Monday Profile: Amanda Tringle

Amanda Tringle is the special assistant defender in charge of the DNA Project at the State Appellate Defender Office.  She screens the convictions associated with the approximately 11,000 abandoned sexual assault kits discovered in Detroit in 2009 for potential wrongful convictions.

Tringle compiles and reviews case documents, investigates convictions, and selects appropriate cases for DNA testing. She interviews and counsels the convicted individuals about the benefits and potential consequences of DNA testing. She works with independent forensic laboratories and DNA experts to devise a testing plan most likely to yield a DNA profile from evidence samples that often contain a limited amount of degraded biological material. When DNA testing yields exculpatory results, she attempts to negotiate just resolutions with the Wayne County Prosecutor’s
Office, and drafts and litigates post-conviction motions when necessary.  She also provides DNA trainings, tools, and support to the criminal defense bar.

Tringle, who volunteers with the WMU-Cooley Innocence Project,  is also a member of the committee charged with developing a plan to audit the statewide backlog of untested sexual assault kits that reports to the Sexual Assault Evidence Kit Commission.

Prior to becoming SADO’s DNA Project attorney,  she was a solo practitioner practicing primarily criminal law, a part-time staff attorney at the WMU-Cooley Innocence Project, and a law clerk and court officer for the Honorable Hugh B. Clarke, Jr. at the 54A District Court in Lansing.

By Jo Mathis
Legal News

What would surprise people about your job?
How much support SADO’s DNA Project has recently received from the Wayne County Prosecutor’s Office. While we may not always agree about what the particular DNA results mean in some cases, we have always agreed that DNA testing should be performed in all of these cases, including guilty pleas. Their professionalism and cooperation is commendable.  Also, some may be surprised by how difficult and time consuming it can be to acquire documents, files, and transcripts in some of the older cases. 

What is your most treasured material possession?
Photos of my family and friends.

Favorite local hangouts: With a very large caseload and two young children, I don’t hang out much anymore. But I like the Tavern, the Nuthouse, or catching a Lugnuts game at Cooley Law School Stadium.

At what ordinary everyday thing do you excel, and what’s your secret?
I’ve played softball since I was a child, and I am an excellent hitter. It doesn’t matter if it is baseball or softball, fast-pitch or slow-pitch, the secret is keeping your mind in the game and your eye on the ball.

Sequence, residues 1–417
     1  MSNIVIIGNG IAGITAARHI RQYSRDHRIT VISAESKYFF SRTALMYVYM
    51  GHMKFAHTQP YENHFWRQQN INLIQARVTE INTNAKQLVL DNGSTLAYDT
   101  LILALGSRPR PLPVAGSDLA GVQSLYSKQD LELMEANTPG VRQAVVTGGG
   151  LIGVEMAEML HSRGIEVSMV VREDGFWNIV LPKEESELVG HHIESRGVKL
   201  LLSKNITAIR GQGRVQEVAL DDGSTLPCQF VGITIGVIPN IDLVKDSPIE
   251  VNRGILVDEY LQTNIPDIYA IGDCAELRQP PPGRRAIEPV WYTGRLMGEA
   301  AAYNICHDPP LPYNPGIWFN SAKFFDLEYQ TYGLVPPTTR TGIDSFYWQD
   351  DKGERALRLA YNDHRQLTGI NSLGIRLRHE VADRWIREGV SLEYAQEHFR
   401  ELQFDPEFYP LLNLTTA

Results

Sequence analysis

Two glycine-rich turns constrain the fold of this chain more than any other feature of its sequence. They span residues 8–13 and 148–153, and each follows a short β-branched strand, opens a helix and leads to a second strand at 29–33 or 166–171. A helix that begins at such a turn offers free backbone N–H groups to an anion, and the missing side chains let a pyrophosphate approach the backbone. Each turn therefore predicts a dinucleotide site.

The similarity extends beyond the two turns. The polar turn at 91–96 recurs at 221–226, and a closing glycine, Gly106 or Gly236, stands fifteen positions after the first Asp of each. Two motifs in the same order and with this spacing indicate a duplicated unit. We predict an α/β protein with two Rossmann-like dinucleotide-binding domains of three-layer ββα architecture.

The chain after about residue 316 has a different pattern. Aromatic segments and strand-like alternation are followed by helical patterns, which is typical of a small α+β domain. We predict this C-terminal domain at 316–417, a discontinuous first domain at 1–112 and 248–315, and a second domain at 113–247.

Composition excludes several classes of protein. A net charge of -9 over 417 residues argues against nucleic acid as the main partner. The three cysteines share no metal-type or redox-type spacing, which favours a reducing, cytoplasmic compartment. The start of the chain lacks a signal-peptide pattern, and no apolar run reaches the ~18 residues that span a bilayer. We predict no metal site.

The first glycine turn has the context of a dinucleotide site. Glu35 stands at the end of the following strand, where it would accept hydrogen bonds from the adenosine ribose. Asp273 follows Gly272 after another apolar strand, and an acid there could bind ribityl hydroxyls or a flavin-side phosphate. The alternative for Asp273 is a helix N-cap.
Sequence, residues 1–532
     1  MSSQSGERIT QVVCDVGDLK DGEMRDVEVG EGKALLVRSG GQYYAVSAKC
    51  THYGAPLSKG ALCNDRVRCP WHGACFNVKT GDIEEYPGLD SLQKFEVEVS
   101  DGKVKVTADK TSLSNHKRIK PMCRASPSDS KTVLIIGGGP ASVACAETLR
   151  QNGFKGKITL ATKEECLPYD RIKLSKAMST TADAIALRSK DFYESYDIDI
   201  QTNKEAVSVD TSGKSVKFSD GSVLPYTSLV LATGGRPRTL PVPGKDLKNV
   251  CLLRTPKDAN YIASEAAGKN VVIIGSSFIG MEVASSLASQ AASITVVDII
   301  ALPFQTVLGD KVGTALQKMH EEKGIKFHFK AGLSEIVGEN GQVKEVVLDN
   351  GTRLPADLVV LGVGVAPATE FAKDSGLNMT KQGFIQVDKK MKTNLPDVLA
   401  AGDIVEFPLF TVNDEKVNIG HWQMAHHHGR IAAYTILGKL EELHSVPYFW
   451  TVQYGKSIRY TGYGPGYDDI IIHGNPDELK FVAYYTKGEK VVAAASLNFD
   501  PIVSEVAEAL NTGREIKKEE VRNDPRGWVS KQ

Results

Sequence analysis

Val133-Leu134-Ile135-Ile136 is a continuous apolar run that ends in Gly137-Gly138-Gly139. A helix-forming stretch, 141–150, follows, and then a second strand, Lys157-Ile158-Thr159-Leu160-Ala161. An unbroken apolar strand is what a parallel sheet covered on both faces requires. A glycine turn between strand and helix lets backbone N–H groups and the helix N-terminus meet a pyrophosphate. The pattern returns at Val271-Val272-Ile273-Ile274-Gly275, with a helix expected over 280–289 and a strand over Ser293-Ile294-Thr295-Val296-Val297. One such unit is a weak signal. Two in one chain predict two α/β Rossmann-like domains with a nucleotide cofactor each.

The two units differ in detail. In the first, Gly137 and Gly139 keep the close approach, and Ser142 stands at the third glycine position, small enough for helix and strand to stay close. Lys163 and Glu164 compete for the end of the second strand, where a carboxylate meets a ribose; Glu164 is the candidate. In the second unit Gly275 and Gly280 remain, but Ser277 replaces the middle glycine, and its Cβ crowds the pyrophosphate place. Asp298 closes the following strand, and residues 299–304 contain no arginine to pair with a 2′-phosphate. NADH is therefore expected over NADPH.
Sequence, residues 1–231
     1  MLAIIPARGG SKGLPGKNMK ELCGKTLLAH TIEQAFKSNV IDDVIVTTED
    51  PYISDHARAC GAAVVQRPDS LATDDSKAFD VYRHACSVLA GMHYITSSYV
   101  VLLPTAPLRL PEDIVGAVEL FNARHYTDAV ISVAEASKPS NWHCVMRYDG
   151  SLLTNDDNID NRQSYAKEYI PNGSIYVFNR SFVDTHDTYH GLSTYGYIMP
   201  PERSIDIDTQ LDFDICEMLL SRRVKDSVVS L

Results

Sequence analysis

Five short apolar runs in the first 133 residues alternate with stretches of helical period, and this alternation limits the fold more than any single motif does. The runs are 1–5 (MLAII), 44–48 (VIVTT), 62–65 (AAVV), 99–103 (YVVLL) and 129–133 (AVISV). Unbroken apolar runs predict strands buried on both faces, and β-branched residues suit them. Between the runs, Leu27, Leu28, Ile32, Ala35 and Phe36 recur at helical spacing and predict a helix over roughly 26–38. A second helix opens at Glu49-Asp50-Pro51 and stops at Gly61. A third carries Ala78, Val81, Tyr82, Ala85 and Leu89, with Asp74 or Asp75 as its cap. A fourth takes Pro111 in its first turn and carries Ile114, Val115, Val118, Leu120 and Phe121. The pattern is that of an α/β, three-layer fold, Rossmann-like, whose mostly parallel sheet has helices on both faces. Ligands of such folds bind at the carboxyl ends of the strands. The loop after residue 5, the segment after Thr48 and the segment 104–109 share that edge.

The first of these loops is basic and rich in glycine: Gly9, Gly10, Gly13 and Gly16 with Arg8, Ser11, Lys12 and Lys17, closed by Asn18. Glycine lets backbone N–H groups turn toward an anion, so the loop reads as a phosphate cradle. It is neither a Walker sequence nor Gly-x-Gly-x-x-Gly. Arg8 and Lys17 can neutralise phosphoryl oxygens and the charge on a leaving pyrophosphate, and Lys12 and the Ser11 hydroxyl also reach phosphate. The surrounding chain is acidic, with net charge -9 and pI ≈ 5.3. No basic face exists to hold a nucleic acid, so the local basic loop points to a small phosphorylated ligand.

What are you currently reading?  Incident reports, lab reports, transcripts, and the latest peer-review articles on DNA mixture interpretation and probabilistic genotyping.

What is your idea of perfect happiness? Cuddling and playing with my happy babies.

What do you wish someone would invent? A time-machine/teleporter combo to transport you to the time and location of your choosing.

How do you recharge? “One super white lightning with an extra shot of expresso, please” she said to the Biggby barista.

Who is on your guest list for the ideal dinner party?
My entire family:  grandparents, parents, siblings, daughter, son, and nephews. No celebrities needed. Both my grandmothers were beautiful, loving, intelligent, strong, and feisty women. I wish my children, especially my daughter, would have gotten the chance to know them. 
If you could trade places with someone for a day, who would that be? A wrongfully convicted individual, yet to be exonerated.  Yes, I understand that means I would have to spend 24 long, terrible hours in a disgusting maximum-security prison. However, it would also guarantee that wrongfully convicted individual would have at least one more day of freedom. 

What’s the most awe-inspiring place you’ve ever been?
The 2016 Innocence Network Conference in San Antonio, where there were over 130 wrongly convicted exonerees in attendance, who collectively spent 2,351 years wrongful imprisoned and 153 years on death row.

What is your proudest moment as a lawyer?
Landing my dream job at SADO.

How did you earn your first dollar? Lifeguarding at a St. Louis Parks and Recreation Complex.

Who inspires you, and why?
  I am truly inspired by Robert Cotton and Jennifer Thompson. If you haven’t already, I encourage you to read their book, “Picking Cotton.” Their story highlights some of the serious injustices of our criminal justice system, while simultaneously providing an avenue and hope for education and reform. 

What do you do to relax? During the summer, I try to get to a lake as often as possible. I love swimming, boating, water skiing, and playing at the beach. During the cooler months, I like to paint.

What is one thing you would like to learn to do?
  My goal for this summer is to learn to golf. My excellent softball hitting abilities didn’t quite translate into my golf swing, so I need more practice than I anticipated.

What is something most people don’t know about you?
  I am the first person in my family to graduate from college.

What is the best advice you ever received? Do what you love.

Favorite place to spend money:
Chicago’s Magnificent Mile.

What is your motto?
Time is the world’s most precious resource, and no one knows exactly how much they have left. Use your time wisely.


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